Style - Describe Figures and Tables
- A table is a square box full of numbers.
- A figure is anything else: picture, graph, map, photo, diagram, etc.
- I will show you how to make these in class
- For the APA rules for formatting Tables and Figures, see Invention manuals
- For Word formatted examples, see “Style - using Figures and Tables.docx” in the shared materials folder. Ask me for the link.
This page is about style - the language you use in the text when you refer to Tables and Figures.
|Name the Fig/Table||verbs||Optional Time phrase for change||situation/change phrase|
|As Figure 1 above||shows||over the last 5 years||X was Y.|
|As shown in Figure 1,||illustrates||, in the last two days||X has become Y.|
|As the chart above,||describes||recently||X is increasing.|
|As Table 3||indicates||between 2007 and 2009||X increased.|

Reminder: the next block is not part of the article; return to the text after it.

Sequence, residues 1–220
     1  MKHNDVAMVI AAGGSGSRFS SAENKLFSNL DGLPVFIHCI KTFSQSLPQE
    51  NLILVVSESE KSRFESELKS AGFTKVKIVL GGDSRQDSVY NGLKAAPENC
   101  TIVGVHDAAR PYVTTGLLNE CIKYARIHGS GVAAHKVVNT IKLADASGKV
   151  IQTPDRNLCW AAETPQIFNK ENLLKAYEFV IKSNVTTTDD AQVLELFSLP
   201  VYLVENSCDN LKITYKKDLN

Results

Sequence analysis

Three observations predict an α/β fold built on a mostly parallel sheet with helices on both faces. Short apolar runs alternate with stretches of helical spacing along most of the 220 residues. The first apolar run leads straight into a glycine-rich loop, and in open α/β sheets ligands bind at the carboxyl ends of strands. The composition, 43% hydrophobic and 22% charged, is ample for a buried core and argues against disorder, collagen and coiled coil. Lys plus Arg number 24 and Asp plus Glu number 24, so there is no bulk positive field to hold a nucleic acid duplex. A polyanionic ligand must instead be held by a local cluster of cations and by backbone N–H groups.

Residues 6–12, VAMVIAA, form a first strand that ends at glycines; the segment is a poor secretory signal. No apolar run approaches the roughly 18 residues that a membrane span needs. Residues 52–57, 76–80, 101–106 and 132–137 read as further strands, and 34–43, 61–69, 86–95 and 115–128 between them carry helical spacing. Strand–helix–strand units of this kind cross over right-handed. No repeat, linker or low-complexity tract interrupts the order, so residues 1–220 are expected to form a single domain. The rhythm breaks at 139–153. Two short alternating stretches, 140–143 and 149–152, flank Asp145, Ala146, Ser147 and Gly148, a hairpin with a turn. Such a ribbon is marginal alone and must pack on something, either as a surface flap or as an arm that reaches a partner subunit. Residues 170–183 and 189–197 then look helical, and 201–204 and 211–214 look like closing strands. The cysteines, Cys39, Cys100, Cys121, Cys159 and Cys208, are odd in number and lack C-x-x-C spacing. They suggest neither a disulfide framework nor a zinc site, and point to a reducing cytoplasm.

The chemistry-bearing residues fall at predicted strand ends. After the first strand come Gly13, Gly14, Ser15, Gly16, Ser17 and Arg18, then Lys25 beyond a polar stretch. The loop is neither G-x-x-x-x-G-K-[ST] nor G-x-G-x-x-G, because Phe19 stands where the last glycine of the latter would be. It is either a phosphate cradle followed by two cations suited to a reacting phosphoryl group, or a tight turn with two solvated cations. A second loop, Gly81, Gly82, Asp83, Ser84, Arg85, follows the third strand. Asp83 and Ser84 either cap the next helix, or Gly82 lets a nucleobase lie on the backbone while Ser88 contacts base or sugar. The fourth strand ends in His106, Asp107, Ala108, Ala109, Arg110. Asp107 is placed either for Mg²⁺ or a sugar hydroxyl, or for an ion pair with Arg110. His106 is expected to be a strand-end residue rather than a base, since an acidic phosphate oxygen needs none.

|As the graph below||suggests||in 2008||X was increasing.|
|As seen in Table 2||,|
- For more “change” phrases, see [[Style - describing change]]
- Try “drawing attention” phrases, usually with an adjective
- (“The most interesting result can be seen in the X column, which shows that Y”)
- comparative phrases (X is less common than Y)
- superlative phrases (X is the least common)
- Other useful styles (these are worksheets, I’ll add links later)
- write a cause-effect sentence about what it means (“The result of this is”)
- write a compare-contrast sentence (“While in Fig. 1…, Fig 2 shows that”)
- write a partition sentence (“There are three main points visible in this graph”)
- use hedging to cast doubt on the reliability of the data
- use summary or summary-response pattern
- write a time-order sentence to describe a change graph in more detail
- Visit http://www.gapminder.org/videos/
- Choose a graph. Describe it to your partner to draw.